Giorgio Mammoliti and the abuse of language

In his 1946 essay “Politics and the English Language”, George Orwell explains how the political use of language is more often employed to obscure meaning than to illuminate it. In his words,

The writer either has a meaning and cannot express it, or he inadvertently says something else, or he is almost indifferent as to whether his words mean anything or not. This mixture of vagueness and sheer incompetence is the most marked characteristic of modern English prose, and especially of any kind of political writing. As soon as certain topics are raised, the concrete melts into the abstract and no one seems able to think of turns of speech that are not hackneyed.

To wit: words have meanings. These meanings may be complex, but they are specific. When words don’t refer to specific things, we lose the ability to speak about those things. Anyone who is careless with the meaning of words is careless with reality, and should be viewed with suspicion.

This brings us to Giorgio Mammoliti. The Toronto Councillor for York West has always been a political clown, a kind of gross caricature of whatever ideology he currently thinks will serve his own self interest. Years ago, he was an NDP MPP and leader of the Canadian Union of Public Employees. He is now a stooge for Rob Ford’s slobocracy, the guy they send out when they want to say something offensive but would rather the quote not be attached to the mayor. We should not expect much from this type of opportunist, but he keeps finding ways to disappoint our already low expectations

Giorgio, apparently tired of hearing from the ‘communists’ who presented at the marathon 22-hour City Council meeting on the proposed service cuts, has created a Facebook page called “Save the City…Support the Ford Administration” (I’ve linked to it, but I warn you that its utility is marginal). I have no problem with this in itself. Mammoliti can do whatever he wants on Facebook. But I do take issue with what he has been saying about the page. From The Globe:

“I don’t want to hear from communists,” he said. “I won’t be calling them communists on the site, but I will be using the word ‘whatever’ to reply to them. If you see that word you can be pretty sure they’re a communist and I’ll be cutting them off of the site.”

He maintains a broad definition of the term “communist” as “anyone who is able to work, doesn’t want to work and wants everything for free,” he said.

From the Star:

“I’m really sick and tired of hearing from the communists in this city,” he said in an interview. “I don’t want anything to do with them. I don’t want to listen to them. I don’t want to listen to their griping and their whining. I want to listen to people who are clearly working for a living, and wanting their tax dollars to be used in a particular way. I’m clearly trying to wean out the typical communist thinker who will be doing nothing but whining.”

What’s fascinating here is Giorgio’s frequent and brazen misuse of the term “communist”. Communism refers to a specific political and economic program which, among other things, calls for worker control of the means of production, collectivization of industry and agriculture, and the reconfiguration of the state as an instrument for economic planning. In practice, the term can also apply to states which refer to themselves as ‘communist’, such as China, Cuba, and North Korea. It does not apply to union members. Some of these individuals may be communists, but the connection is not a necessary one. Nor does ‘communist’ refer to people who are defending public services that enjoy broad support. It is also inappropriate for Mammoliti to apply this term to all of his critics simply for being critical, unless extensive public polling reveals that the majority of them do, in fact, hold communist views. I am unaware of any such research, but would be happy to review it should Mammoliti’s office make it available.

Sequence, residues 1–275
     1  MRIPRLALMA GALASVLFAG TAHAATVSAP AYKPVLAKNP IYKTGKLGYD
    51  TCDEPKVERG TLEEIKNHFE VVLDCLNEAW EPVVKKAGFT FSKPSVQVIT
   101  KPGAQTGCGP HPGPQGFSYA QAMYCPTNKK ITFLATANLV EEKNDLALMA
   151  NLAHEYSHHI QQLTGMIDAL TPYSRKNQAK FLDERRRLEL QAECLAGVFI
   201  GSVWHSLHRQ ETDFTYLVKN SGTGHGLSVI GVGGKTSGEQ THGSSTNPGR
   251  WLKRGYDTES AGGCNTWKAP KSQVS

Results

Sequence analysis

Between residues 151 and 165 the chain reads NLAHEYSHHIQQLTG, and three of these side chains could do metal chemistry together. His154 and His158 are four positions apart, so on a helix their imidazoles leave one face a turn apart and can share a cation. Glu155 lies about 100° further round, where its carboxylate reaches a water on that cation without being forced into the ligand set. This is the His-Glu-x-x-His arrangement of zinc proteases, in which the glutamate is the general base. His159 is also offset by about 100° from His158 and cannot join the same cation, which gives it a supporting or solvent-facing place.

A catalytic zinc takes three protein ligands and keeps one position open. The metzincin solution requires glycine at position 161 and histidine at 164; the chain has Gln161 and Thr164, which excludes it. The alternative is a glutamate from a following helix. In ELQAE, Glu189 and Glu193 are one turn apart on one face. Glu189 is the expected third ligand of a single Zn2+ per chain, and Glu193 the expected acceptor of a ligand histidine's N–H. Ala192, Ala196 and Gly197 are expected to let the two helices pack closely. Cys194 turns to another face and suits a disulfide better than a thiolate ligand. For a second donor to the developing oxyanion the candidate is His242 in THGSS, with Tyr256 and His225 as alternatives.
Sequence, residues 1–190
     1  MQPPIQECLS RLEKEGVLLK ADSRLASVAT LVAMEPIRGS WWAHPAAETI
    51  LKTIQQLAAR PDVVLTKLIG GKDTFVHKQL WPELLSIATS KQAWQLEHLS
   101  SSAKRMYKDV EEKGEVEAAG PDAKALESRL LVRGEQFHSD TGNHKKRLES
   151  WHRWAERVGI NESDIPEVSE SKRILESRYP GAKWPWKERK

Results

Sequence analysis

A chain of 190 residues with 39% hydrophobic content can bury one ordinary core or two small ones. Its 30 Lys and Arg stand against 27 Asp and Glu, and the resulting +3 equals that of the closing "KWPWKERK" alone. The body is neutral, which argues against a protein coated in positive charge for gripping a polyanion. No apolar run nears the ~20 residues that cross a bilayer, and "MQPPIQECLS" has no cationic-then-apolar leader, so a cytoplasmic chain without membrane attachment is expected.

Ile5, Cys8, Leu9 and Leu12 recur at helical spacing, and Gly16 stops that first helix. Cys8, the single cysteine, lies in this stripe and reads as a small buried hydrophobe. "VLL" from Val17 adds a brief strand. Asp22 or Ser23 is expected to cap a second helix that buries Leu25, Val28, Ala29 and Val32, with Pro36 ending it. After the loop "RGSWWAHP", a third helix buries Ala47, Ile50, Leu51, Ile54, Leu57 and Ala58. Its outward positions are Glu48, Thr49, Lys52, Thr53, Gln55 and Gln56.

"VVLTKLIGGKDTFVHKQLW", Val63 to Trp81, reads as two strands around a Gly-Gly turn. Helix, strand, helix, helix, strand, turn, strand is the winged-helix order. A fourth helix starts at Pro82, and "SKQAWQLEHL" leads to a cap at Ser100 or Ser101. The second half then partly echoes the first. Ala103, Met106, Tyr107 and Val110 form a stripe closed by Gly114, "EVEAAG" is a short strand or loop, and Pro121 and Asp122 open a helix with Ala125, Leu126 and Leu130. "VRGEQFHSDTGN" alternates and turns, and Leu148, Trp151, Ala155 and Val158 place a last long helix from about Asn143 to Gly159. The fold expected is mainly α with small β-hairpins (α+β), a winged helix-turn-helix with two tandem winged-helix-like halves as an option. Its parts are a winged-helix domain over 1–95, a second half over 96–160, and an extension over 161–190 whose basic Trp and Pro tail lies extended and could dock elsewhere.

So why does Mammoliti call his critics communist? While I don’t doubt that he is largely ignorant of broad swaths of history and political theory, and may not actually know what ‘communist’ means, I think something else is going on here. He obviously intends it as a slur, a way of lumping together a diverse collection of individuals of a variety of different political viewpoints, united only by their opposition to his politics. His abuse of the term is a way of labeling and sidelining otherwise legitimate criticism, of presenting absolutely credible and mainstream views as somehow radical and extreme. Opposing cuts to services such as libraries and pools is a reasonable position for liberals, conservatives, and  social democrats alike, but by labelling this opinion “communist” he is attempting to remove this argument from the range of acceptable policy options.  It perverts the dialogue around public services and city finances, and is a form of exclusion unacceptable to anyone who cares about meaningful debate. Mammoliti’s abuse of language reveals a fondness for thug tactics and a distaste for democracy rather unbecoming of a democratically elected politician.

Orwell closes his essay by stating  that”political language – and with variations this is true of all political parties, from Conservatives to Anarchists – is designed to make lies sound truthful and murder respectable, and to give an appearance of solidity to pure wind.” By cynically exploiting the meaning of words, Mammoliti does little to dispel the widespread belief that the sum total of all his public comments amount to anything more than exactly this – pure wind.

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